The players in major professional sports are highly talented and well compensated, they are the best and most gifted athletes on the planet. However, the blame seems to usually fall on the coach or the coaching staff if a team underperforms their expectations. The end result is that head coach, or in many cases an entire staff of coaches, being terminated from their jobs.

Hired To Get Fired

 

I understand from being a big sports fan that one of the sayings that coaches use, especially in the pressure cooker that is the NFL, is “you get hired to get fired”. There is a genuine understanding going into the situation that it is probably not going to end well. The rare exception is a coach finishing his tenure and leaving on his or her own terms; the majority of the time the situation ends in termination for the coach and their staff based on a losing season or poor performance.

 

A good case study of that scenario is Head Coach Tom Coughlin of the New York Giants. He has gone through some rough patches during his tenure with the team, at two different points the fans were ranting about the poor performance of the Giants. The team looked lost on the field, and both times the Giants turned their seasons around and ended up winning the Super Bowl. This past season was no different, with two championship victories on his resume, the focus still shifted to whether Coughlin should be fired because of the poor performance of 2014 Giants during their season.

 

The other scenario that costs a coach their job is essentially team politics which seems to be the case with Mike Petke and the New York Red Bulls. The team hired a new Sporting Director (essentially a GM or director of personnel) and he dismissed Petke after the best two years in the history of the team, to bring in a coach he had worked with in the past. Those type of relationship driven decisions on coaches have happened in the NFL and the NBA as well, in the rare case that the General Manager is fired and the coach has remained with the team. Most of the time the new GM will then fire the coach and bring in “his own guy” with whom he has a prior working relationship.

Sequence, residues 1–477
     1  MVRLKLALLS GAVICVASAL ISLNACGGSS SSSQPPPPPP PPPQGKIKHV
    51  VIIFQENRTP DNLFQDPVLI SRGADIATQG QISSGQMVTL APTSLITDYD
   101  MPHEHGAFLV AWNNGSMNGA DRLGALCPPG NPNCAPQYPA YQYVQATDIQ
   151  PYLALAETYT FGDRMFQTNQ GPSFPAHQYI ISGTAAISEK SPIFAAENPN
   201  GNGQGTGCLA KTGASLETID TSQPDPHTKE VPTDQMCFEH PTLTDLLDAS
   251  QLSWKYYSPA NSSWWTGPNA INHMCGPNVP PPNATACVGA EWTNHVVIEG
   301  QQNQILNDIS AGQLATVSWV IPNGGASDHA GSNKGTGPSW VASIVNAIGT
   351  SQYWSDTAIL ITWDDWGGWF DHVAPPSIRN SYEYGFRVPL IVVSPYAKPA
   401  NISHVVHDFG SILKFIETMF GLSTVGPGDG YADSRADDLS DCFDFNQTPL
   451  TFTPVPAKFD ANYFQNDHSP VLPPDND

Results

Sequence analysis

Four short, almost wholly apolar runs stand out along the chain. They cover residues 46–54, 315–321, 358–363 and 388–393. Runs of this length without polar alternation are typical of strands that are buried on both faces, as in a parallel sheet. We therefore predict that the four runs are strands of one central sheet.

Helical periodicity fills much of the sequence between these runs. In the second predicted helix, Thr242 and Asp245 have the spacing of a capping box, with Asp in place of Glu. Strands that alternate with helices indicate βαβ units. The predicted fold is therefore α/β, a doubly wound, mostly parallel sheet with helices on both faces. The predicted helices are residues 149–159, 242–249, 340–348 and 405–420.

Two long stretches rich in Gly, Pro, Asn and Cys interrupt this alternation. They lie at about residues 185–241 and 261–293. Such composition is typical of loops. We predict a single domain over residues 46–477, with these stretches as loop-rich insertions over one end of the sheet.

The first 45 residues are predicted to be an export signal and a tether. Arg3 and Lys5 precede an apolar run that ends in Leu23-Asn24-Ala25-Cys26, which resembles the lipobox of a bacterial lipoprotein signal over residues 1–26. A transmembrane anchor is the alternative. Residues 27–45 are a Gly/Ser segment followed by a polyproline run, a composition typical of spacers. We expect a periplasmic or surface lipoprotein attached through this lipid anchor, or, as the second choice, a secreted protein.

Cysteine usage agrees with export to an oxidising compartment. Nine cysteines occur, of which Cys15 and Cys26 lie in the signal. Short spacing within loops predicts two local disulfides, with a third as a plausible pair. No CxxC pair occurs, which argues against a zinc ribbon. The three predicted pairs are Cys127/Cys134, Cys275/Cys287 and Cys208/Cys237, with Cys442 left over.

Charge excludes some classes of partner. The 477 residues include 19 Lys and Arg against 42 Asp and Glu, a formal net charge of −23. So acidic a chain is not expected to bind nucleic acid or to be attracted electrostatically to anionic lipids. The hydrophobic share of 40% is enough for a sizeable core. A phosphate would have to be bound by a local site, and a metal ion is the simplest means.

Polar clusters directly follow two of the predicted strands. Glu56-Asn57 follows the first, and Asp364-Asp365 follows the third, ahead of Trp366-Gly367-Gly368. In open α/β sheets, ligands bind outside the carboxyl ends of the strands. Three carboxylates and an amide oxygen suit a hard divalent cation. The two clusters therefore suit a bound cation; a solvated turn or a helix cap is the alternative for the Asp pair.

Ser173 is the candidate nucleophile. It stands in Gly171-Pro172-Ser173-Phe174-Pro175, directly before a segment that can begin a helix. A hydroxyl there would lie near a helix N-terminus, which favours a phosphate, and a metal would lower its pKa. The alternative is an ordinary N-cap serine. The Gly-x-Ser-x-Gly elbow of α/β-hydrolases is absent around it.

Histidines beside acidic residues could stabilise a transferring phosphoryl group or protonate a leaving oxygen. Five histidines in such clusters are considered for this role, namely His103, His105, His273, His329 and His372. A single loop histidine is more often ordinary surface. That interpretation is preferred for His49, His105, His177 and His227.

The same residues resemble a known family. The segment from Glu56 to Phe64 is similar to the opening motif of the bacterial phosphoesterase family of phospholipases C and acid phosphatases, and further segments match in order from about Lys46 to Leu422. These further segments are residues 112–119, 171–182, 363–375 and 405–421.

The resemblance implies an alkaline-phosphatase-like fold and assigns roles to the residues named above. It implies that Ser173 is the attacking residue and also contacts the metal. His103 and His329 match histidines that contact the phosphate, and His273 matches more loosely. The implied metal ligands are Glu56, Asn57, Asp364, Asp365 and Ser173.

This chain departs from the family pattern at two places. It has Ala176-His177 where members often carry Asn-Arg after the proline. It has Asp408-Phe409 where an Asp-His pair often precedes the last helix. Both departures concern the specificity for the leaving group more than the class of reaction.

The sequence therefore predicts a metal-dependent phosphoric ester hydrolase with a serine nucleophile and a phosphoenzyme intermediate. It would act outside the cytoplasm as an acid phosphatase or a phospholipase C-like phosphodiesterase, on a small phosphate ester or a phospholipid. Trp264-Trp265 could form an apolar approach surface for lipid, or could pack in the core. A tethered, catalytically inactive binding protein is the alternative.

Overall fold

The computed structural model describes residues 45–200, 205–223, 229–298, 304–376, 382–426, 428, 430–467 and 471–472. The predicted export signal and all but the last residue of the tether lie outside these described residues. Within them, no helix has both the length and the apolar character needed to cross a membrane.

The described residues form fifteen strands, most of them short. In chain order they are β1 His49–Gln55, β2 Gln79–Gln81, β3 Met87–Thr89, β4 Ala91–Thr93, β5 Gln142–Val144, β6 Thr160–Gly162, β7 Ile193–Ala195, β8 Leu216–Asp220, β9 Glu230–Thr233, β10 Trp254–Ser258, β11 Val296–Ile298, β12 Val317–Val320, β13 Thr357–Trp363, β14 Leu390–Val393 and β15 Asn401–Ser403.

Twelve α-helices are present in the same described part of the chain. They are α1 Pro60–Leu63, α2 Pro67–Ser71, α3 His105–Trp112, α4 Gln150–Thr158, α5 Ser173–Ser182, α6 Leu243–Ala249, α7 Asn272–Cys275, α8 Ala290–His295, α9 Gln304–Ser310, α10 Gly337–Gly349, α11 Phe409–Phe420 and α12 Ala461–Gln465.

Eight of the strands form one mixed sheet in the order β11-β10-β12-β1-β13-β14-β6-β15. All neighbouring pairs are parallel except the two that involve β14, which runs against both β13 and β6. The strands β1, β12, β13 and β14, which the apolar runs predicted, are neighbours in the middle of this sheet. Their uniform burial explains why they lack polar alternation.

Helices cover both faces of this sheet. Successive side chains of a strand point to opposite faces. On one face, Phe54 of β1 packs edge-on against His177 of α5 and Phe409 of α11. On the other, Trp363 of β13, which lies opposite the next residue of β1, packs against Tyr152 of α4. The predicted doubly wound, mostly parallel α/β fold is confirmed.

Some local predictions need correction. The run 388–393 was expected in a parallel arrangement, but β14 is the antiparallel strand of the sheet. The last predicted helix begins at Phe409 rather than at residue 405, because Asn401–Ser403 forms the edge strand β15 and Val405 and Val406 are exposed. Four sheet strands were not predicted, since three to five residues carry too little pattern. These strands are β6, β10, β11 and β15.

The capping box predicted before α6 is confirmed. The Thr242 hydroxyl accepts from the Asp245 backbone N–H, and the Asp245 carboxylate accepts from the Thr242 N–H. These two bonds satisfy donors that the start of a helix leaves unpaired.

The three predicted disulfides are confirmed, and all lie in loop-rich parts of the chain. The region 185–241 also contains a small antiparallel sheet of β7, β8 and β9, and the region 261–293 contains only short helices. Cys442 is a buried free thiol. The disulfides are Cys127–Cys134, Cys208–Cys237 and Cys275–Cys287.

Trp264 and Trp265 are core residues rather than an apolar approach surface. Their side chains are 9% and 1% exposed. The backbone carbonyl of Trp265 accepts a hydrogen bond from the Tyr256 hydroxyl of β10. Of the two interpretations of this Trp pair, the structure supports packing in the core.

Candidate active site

The attitude of disposability when it comes to these people is rather concerning to me. I know some others within the sports media world that have the same misgivings about the way our society approaches these matters. I understand that people spend their hard earned money on attending games and buying merchandise to support a given team and that we all want to see that team win.

 

However, at the same time, I do not think it gives any of us a license to demand that somebody, or an entire staff of people should lose their jobs. These people have families, they have children and dependents that rely on those jobs to live. Yet when a team hits a losing streak I turn on sports radio in the car and every caller is screaming about firing the coach. These people are human beings, they make mistakes, and they should not be treated as disposable items.